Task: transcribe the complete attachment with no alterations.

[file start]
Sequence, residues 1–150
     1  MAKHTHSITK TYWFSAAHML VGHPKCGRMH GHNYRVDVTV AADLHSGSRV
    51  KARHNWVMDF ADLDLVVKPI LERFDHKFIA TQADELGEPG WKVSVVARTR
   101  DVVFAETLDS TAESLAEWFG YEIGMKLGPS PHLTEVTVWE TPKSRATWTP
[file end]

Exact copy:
Sequence, residues 1–150
     1  MAKHTHSITK TYWFSAAHML VGHPKCGRMH GHNYRVDVTV AADLHSGSRV
    51  KARHNWVMDF ADLDLVVKPI LERFDHKFIA TQADELGEPG WKVSVVARTR
   101  DVVFAETLDS TAESLAEWFG YEIGMKLGPS PHLTEVTVWE TPKSRATWTP